Sea turtles are some of the most majestic, long-living animals in the ocean, yet hundreds of thousands of them are accidentally caught and die in shrimp nets and other fishing gear each year. Endangered loggerheads, green turtles, and leatherbacks are especially vulnerable.
WWF’s Living Blue Planet Report on the health of the ocean finds that the marine vertebrate population has declined by 49 percent between 1970 and 2012. The report tracks 5,829 populations of 1,234 mammal, bird, reptile, and fish species through a marine living planet index. The evidence, analyzed by researchers at the Zoological Society of London, paints a troubling picture.
To better understand the post-release behavior of tagged green turtles, WWF and partners carefully fastened a GoPro—a tiny waterproof camera—to the back of a female sea turtle. The 15 minutes of footage the camera collected gives us a unique view of the Great Barrier Reef.
A full ban on dumping in the Great Barrier Reef should come to fruition in a matter of months. The United Nations Educational, Scientific and Cultural Organization (UNESCO) World Heritage Committee has voted to maintain pressure on Australia to deliver on its promise to restore the health of the reef.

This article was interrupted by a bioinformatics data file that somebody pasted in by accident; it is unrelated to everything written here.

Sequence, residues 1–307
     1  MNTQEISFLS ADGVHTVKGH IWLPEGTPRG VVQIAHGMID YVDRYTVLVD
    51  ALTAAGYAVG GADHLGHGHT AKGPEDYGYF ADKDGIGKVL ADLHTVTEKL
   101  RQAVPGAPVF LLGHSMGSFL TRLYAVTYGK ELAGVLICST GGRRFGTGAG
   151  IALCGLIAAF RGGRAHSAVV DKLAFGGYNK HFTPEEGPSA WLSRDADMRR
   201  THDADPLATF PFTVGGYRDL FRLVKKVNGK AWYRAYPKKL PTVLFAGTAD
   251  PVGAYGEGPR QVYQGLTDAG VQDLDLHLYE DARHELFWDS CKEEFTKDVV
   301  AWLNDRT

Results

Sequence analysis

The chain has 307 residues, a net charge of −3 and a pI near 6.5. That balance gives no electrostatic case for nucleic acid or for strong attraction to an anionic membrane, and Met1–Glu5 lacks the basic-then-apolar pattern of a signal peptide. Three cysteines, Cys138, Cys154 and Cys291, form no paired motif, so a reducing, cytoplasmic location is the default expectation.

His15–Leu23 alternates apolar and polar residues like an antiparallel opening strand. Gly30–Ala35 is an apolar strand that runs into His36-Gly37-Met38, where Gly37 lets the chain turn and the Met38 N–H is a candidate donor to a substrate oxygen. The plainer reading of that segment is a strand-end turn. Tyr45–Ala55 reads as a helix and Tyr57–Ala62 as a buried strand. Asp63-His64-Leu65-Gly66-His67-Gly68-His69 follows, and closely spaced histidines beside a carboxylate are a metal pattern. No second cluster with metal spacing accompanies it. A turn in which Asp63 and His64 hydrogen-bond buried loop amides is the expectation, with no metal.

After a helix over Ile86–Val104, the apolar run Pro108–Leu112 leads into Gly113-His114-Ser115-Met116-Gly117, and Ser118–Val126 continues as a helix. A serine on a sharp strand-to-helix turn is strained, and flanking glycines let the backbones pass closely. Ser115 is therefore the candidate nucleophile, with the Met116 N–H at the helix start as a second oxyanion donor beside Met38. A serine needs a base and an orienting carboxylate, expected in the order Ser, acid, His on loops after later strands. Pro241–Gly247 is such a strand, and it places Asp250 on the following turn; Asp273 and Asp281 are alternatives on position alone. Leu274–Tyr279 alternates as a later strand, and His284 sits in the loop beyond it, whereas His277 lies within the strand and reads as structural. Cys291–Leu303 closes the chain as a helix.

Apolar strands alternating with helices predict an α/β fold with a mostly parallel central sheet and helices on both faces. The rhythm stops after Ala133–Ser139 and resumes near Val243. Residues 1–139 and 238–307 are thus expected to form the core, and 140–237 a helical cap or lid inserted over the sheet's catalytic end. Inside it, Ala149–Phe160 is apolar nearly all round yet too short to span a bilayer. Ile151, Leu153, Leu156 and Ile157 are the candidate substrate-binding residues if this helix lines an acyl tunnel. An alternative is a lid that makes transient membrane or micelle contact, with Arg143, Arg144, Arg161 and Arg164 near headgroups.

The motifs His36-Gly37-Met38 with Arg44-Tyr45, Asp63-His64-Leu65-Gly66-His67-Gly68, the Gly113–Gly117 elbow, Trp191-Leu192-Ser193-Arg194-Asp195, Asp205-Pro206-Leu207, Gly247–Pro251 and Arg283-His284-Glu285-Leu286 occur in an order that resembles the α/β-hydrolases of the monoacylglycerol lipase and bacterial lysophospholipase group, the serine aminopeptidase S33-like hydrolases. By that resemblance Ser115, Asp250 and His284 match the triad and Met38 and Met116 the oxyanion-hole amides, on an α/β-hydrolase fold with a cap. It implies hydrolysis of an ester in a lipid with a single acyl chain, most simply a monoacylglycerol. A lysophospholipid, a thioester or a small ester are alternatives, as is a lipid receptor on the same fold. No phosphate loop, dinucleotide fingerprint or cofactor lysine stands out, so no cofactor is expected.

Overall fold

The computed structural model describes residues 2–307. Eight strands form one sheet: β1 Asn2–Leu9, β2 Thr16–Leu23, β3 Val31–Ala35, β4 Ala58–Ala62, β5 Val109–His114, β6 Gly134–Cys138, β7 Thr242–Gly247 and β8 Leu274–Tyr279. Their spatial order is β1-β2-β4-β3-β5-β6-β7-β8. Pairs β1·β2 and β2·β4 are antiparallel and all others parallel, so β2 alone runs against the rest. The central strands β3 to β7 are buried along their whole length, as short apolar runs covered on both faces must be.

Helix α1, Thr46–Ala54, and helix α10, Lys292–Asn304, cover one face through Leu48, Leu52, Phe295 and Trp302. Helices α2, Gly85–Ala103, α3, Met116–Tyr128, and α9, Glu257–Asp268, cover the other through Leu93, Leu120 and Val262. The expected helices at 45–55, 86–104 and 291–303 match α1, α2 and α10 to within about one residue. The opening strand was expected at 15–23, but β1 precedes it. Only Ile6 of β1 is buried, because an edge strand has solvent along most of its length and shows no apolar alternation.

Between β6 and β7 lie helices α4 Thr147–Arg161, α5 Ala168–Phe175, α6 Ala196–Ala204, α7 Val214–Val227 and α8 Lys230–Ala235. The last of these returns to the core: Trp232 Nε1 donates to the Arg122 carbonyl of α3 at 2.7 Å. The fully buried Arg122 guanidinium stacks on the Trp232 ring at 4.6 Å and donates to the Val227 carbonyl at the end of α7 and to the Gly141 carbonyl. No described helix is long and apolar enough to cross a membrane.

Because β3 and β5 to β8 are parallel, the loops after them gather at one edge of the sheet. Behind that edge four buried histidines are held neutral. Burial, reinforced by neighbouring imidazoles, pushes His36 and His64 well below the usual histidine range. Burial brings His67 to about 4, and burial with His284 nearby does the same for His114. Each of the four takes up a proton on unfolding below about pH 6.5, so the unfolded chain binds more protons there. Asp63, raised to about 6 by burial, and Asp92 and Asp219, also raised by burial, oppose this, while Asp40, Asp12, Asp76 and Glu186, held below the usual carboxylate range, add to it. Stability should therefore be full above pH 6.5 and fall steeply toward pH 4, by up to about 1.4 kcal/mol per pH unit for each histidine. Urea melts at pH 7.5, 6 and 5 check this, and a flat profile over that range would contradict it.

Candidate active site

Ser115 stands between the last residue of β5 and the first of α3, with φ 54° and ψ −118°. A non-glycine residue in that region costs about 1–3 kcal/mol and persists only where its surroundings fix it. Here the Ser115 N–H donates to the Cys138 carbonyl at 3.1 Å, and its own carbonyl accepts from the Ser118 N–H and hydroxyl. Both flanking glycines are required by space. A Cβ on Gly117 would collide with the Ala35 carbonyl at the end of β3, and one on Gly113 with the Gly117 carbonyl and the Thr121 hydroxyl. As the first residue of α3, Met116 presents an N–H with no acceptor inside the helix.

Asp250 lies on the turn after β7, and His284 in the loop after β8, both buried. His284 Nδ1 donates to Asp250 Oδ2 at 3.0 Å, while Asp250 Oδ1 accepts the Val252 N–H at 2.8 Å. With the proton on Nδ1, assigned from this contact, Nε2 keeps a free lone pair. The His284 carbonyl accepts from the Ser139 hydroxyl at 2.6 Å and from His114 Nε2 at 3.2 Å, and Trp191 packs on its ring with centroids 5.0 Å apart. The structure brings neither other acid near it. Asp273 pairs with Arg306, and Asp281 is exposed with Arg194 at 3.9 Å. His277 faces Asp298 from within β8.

Unsustainable development alongside the Great Barrier Reef could cause severe damage to one of Earth’s most important marine environmental systems, according to a new report commissioned by WWF. In order to prevent new stress on this already-vulnerable ecosystem, WWF is calling on the Australian government to ban all dumping of dredge spoil in the Great Barrier Reef World Heritage Site.
Tagging allows us to learn turtle movements and routes from feeding grounds to other areas in the ocean. If we know what areas are important for turtles, then we know what areas to focus on for conservation.
Gillnet fishing, one of the most common forms of fishing in the world, often leads to the accidental capture of non-targeted species. WWF is supporting work to illuminate nets so turtles can avoid swimming into them.
WWF places satellite tags on marine turtles in many areas around the world. The information collected from the tags helps us to design better management strategies for their conservation, such as creating marine protected areas for important feeding areas or addressing threats to nesting beaches.
At just 18 years old, Josua Muakula is the youngest turtle monitor in Fiji. He belongs to a team of 25 that have taken on the massive challenge of protecting endangered marine turtles. Why would a teenager get so involved in such a project, especially when he grew up eating turtle meat?
Now available for free in the iTunes App Store, ‘WWF Together’ is a unique interactive experience that brings you closer to the stories of elephants, whales, rhinos and other fascinating species. Discover the animal’s lives and the work of WWF in a way you’ve never seen before. Try out “tiger vision,” stay as still as the polar bear during a hunt, and chop the panda’s bamboo.
The Sunda Banda Seacape in eastern Indonesia includes a wide variety of communities and provides critical habitat for many marine species. WWF is working with the Indonesian Government to create a network of Marine Protected Areas (MPAs), which will span thousands of square miles and help protect the ocean environment.